Indian Navy builds up case for third aircraft carrier to counter China

Indian Navy

New Delhi: Concerned over the construction of aircraft carriers by China at a rapid pace which could be a threat to India’s maritime capability, Indian Navy plans to take up again its long-pending case for a third aircraft carrier.

This comes close on the heels of the Defence Minister Rajnath Singh witnessing a naval exercise on board the only aircraft carrier of the Navy the 44,400-tonne INS Vikramaditya which operates the supersonic MiG-29K fighters from its deck.

The exercise by the Navy was to strengthen its case of how a multi-dimensional carrier battle group (CBG), which can move around 500 nautical miles (900 km) in a single day, is “formidably powerful and extremely flexible” in providing a wide range of tailored responses across the entire spectrum of warfare, be it presence, surveillance, deterrence, coercion, intervention or war-fighting.

The 40,000-tonne indigenous aircraft carrier (IAC-I), or INS Vikrant, being built at Cochin Shipyard for Rs 19,590 crore, is slated to become fully-operational by 2022-2023 after several delays. But the defence ministry is yet to give even the initial approval for construction of the 65,000-tonne IAC-II, which was first sought in May 2015.

The Navy has even junked its plan for IAC-II to have nuclear-propulsion to bring down the overall cost to about Rs 45,000 crore but to no avail. “It’s time IAC-II, with full-electric propulsion, was approved since it will take over a decade to build it. The projected Rs 45,000 crore expenditure will be spread over 10-14 years, with the bulk of it being ploughed back into the country’s economy,” sources said.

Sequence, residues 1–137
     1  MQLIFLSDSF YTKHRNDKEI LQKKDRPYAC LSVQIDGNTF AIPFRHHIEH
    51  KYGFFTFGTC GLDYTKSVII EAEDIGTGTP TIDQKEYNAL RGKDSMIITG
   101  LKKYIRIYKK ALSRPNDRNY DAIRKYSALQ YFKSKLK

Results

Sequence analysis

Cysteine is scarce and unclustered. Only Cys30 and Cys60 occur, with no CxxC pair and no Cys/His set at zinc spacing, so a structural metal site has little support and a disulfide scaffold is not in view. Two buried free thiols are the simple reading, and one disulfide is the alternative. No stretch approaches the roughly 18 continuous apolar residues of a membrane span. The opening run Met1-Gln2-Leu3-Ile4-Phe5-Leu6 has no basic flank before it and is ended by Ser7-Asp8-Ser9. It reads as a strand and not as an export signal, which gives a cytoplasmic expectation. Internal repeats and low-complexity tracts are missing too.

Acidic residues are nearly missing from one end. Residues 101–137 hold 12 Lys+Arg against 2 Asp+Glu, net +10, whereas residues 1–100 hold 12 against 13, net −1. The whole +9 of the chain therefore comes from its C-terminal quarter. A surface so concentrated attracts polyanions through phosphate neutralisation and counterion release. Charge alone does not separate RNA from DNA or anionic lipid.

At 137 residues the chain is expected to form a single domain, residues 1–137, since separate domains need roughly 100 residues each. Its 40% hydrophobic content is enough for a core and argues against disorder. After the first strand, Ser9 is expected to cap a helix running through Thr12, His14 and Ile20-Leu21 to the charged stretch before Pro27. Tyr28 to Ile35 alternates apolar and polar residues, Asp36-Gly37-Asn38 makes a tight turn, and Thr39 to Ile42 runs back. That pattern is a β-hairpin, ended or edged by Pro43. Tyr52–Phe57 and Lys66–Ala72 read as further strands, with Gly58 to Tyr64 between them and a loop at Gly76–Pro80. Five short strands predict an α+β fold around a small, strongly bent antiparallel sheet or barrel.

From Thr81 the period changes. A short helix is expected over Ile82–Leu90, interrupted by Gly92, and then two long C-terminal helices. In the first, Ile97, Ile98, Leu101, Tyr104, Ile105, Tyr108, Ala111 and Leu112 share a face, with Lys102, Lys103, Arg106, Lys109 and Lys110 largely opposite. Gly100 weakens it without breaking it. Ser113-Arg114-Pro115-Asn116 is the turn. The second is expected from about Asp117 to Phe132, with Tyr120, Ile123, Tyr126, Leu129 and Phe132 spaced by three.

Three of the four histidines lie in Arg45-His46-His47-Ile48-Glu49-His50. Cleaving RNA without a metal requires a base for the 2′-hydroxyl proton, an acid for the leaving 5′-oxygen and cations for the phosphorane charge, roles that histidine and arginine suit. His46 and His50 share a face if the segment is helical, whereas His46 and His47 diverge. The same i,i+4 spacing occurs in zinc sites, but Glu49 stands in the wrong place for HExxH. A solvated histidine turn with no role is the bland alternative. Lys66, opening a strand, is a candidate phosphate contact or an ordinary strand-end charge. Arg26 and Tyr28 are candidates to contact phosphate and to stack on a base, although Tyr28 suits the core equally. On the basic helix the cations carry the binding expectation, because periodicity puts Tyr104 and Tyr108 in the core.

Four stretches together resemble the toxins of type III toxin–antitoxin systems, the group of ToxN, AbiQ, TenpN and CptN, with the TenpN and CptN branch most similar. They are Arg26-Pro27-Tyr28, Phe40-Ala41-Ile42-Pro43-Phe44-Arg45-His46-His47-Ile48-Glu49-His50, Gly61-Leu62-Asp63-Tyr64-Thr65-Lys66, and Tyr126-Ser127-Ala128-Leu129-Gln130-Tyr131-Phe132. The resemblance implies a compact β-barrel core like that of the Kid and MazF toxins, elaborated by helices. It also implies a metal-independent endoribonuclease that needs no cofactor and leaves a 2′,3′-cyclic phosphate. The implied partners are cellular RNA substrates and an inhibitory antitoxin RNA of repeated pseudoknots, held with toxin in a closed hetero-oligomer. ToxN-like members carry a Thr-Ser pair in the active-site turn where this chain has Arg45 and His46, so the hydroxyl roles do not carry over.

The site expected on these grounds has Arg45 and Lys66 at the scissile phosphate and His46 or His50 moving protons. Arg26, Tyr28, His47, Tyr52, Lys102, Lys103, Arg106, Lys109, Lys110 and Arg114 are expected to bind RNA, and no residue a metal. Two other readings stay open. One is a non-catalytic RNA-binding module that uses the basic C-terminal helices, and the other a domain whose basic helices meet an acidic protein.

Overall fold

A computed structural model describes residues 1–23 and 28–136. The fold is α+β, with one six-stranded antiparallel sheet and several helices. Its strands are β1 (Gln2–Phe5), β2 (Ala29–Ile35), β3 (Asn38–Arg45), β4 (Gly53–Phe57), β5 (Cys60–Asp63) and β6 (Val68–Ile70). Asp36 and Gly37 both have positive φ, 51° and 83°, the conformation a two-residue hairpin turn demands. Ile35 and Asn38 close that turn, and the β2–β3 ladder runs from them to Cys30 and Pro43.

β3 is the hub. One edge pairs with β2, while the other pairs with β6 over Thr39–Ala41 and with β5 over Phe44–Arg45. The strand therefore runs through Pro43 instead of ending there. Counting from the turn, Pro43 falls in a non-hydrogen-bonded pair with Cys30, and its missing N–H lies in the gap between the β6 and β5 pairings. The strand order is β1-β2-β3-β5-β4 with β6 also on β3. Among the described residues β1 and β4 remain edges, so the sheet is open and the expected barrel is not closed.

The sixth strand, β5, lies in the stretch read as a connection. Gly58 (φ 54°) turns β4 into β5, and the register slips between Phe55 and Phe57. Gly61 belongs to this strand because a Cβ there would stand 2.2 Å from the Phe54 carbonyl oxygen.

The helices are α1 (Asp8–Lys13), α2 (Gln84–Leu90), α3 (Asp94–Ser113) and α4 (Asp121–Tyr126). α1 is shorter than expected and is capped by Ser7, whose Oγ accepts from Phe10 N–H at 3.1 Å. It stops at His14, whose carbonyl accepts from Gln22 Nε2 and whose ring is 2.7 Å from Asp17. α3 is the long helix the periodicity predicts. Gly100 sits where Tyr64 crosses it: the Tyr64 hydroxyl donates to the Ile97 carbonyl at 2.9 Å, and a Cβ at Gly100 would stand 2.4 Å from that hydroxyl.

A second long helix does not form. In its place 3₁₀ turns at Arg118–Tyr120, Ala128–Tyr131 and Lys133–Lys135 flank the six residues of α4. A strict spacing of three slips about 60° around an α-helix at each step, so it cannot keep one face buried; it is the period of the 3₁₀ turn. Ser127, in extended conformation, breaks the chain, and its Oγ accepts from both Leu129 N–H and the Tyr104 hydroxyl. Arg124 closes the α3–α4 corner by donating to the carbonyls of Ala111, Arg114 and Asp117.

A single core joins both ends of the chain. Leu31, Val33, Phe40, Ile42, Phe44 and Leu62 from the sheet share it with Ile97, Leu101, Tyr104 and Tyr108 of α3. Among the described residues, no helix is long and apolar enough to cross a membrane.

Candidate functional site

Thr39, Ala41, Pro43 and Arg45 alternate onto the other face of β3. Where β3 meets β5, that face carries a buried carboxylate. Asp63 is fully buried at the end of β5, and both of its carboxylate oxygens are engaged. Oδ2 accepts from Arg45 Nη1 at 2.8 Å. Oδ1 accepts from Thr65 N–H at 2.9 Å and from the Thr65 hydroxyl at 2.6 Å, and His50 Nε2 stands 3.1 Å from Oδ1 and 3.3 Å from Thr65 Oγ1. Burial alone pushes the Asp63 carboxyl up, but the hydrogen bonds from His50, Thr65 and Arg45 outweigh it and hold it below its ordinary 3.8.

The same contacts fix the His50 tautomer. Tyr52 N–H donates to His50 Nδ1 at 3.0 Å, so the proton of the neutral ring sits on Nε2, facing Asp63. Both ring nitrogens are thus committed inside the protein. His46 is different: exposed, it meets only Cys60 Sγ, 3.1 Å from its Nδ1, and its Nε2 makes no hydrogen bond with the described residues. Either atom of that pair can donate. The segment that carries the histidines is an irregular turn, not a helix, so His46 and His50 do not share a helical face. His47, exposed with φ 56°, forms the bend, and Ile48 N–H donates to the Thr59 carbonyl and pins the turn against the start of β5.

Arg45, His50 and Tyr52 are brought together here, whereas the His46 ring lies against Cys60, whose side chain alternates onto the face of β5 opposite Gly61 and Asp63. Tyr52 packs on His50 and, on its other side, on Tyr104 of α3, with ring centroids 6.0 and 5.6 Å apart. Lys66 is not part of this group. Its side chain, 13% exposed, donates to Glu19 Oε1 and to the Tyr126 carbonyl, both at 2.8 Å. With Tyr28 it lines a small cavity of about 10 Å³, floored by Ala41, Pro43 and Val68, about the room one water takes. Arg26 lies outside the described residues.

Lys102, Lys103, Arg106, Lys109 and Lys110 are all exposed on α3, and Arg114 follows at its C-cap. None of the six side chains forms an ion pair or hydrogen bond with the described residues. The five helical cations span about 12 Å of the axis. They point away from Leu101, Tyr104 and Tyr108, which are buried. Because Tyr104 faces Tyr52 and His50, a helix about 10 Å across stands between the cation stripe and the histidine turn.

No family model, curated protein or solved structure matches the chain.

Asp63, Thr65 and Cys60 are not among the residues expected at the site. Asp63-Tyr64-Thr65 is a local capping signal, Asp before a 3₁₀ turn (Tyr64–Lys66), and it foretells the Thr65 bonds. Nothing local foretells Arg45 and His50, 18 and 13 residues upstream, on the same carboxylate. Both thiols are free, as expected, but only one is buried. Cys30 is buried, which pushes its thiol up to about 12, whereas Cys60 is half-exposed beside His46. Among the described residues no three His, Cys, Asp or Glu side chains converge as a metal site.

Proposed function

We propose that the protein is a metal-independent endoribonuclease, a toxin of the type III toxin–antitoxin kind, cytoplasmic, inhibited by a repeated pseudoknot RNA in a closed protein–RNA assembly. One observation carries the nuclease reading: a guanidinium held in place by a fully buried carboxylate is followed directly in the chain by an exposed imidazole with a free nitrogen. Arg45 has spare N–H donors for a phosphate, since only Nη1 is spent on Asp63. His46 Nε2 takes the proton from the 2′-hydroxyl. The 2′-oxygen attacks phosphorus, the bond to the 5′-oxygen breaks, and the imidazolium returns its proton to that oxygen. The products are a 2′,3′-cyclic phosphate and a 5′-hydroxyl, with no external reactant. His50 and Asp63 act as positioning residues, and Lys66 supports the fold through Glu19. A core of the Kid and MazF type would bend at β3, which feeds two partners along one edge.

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The Navy has for long said it requires three carriers to ensure at least two are operationally available at any given time, one each for the eastern and western seaboards, while the third is undergoing its maintenance-and-refit cycle.

From here, the earliest IAC-II can enter service is 2031. By then, China will have four CBGs. After inducting its first 65,000-tonne carrier Liaoning in 2012, China is now operationalising its domestically-built Type-001A carrier, even as it constructs two more.

“China already has six to seven warships deployed in the IOR at any given time. The permanent presence of a Chinese CBG in the IOR within the next few years, and possibly two by 2028, will create a power imbalance in the region,” said a source.

China, in fact, wants to have a 10-carrier Navy by 2050. The US, of course, has 10 Nimitz-class nuclear-powered “super-carriers”, each of which is around 100,000-tonne and capable of carrying 80-90 fighters, deployed around the globe.

“We have to plan for the future. The IOR’s fragile maritime domain, with the collusive threat from China-Pakistan, necessitates a strong Indian Navy to meet future challenges. CBGs provide much more operational flexibility and lethality than shore-based airfields,” said the source.

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